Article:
The legislation is known as the “Dorothy L. Hukill Financial Literacy Act.” Hukill served in the state Senate between 2012 and 2018 and pushed to change Florida law to require high school students to take a financial literacy course before graduating.
Hukill, a Republican from Volusia County, died of complications from cervical cancer in 2018.
Florida returned more than $31 million in unclaimed property last month, meaning the Division of Unclaimed Property has returned more than $300 million to Floridians this fiscal year.
Unclaimed property is a lost or uncollected financial asset in the state’s possession. It can take many forms, including dormant bank accounts, uncashed checks, inheritances and even refunds.
Since Patronis took office in 2017, more than $1.6 billion in unclaimed property has been returned to Floridians.
“As Florida’s CFO, I have made it my personal mission to put money back into the pockets of Floridians where it belongs. We currently have more than $2 billion left in unclaimed property just waiting to be claimed right now,” Patronis said.
Over the years, celebrities and politicians, including former President Donald Trump, U.S. Sen. Marco Rubio, and former MLB star Derek Jeter, have been listed in the unclaimed property log.
Patronis says there’s a one in five chance Floridians have unclaimed property belonging to them or a loved one.
“It takes only a few minutes to search and there is absolutely no cost to you,” Patronis said. “I know inflation and gas prices are a real challenge to Florida families, so every little bit helps. Search for unclaimed property now for yourself, your friends, your loved ones, and even your business at FLTreasureHunt.gov.”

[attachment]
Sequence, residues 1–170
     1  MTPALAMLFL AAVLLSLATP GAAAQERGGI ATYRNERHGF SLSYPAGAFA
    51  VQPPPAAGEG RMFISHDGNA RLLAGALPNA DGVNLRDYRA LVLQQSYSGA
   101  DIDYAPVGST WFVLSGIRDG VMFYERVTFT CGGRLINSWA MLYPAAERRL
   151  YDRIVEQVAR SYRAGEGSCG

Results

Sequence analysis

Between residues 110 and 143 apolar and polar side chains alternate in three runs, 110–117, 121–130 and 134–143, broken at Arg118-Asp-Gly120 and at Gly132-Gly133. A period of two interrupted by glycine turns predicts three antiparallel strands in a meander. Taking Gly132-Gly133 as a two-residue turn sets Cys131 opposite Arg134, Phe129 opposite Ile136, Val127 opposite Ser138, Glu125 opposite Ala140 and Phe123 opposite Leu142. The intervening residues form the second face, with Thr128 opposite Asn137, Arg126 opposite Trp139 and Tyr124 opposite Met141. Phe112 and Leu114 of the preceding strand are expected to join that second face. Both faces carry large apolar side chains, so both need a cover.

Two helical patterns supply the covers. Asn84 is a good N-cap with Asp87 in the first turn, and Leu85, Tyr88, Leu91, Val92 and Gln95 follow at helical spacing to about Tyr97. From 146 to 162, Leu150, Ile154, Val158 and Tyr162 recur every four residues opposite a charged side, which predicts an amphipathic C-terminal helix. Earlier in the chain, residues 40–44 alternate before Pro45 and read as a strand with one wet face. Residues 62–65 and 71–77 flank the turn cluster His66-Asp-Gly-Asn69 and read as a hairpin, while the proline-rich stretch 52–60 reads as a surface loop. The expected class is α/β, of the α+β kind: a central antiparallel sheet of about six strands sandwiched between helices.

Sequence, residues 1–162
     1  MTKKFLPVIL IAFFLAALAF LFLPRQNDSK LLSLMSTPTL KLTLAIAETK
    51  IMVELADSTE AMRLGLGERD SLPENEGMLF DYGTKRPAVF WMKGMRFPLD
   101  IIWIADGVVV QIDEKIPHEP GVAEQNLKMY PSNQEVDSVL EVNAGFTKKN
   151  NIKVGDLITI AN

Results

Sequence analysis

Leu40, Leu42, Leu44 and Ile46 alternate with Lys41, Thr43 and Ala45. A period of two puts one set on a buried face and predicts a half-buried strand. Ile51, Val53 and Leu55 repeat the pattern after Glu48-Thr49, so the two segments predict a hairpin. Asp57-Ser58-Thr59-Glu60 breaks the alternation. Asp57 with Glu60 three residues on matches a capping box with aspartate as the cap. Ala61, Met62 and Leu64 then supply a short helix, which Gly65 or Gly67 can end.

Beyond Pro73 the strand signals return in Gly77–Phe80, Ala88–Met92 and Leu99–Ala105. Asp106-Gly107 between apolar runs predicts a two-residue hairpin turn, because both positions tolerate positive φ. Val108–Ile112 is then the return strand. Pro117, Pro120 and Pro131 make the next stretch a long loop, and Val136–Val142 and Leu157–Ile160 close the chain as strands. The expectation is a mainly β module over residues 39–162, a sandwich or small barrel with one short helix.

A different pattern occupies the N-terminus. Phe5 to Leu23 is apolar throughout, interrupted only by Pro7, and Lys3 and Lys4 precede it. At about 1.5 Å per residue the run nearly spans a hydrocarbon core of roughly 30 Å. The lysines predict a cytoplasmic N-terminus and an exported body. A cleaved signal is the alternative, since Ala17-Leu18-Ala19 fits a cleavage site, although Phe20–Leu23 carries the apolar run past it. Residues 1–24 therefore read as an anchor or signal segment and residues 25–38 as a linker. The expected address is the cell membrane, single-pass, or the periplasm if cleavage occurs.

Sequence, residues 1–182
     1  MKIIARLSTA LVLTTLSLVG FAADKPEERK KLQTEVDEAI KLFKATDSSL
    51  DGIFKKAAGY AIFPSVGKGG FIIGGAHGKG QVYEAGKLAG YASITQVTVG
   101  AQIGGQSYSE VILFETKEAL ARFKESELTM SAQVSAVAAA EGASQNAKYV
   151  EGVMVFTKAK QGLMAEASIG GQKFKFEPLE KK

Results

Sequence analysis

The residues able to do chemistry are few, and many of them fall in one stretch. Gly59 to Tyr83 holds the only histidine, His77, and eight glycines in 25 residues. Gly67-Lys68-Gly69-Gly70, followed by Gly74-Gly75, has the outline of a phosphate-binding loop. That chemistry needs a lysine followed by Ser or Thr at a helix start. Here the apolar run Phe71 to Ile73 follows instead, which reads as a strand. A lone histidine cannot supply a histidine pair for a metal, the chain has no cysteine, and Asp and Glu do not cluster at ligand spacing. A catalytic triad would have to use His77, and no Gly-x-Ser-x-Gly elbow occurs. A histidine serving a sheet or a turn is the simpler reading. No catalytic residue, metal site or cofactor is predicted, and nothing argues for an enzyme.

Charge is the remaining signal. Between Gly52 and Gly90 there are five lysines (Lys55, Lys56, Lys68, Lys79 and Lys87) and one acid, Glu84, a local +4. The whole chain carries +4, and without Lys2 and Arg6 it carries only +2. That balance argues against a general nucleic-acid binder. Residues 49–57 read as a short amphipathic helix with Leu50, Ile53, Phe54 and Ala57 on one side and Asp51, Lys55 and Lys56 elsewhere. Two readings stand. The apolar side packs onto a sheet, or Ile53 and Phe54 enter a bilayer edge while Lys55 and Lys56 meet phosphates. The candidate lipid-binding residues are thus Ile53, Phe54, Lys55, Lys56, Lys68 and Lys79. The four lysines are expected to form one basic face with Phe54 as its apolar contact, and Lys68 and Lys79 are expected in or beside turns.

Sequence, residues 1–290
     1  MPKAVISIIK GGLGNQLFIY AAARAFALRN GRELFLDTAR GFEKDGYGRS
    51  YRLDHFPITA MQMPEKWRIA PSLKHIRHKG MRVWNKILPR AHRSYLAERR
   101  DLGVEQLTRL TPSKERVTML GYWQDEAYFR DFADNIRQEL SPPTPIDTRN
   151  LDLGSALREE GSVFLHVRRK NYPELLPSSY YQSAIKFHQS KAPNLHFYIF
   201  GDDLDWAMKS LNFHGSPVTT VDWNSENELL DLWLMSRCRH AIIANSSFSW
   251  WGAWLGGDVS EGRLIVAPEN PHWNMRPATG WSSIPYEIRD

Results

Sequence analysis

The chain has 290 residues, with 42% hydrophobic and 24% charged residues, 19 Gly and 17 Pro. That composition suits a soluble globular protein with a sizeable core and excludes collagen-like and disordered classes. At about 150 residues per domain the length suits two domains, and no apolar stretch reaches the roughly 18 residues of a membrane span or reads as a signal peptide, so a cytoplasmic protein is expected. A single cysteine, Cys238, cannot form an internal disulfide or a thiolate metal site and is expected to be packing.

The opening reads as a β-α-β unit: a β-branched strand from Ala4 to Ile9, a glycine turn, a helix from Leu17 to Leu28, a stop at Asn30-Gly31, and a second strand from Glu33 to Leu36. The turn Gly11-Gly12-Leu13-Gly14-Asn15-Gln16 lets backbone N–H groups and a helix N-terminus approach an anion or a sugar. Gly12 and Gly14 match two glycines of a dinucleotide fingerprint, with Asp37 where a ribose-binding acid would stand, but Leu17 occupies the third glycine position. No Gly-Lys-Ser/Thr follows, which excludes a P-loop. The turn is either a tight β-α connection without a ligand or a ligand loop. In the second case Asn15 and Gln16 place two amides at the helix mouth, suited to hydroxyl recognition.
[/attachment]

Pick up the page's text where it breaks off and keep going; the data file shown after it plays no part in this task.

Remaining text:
Instagram of the week
Can you dig it?
If you’re planning to spend the weekend filming a sweded remake of “Holes,” the Public Service Commission has a message for you: Call 8-1-1.
April is “Safe Digging Month,” a lesser-known holiday celebrating the fact that there are pipes and cables underground and that slicing them with a rusty D-handle shovel is a good way to make your neighbors hate you.
According to PSC, some poor sap either takes 50,000 volts to the dome, huffs natural gas or boots their kids from a Fortnite match every nine minutes because they are under the mistaken impression that a DIY privacy fence is “just as good” as one installed by a professional.
So, if you value your high-speed internet connection, enjoy bathing or don’t live in a house with oil lamps on every wall, you can avoid some trouble by dialing 8-1-1, the nationwide “call before you dig” hotline. There’s also a website, www.sunshine811.com.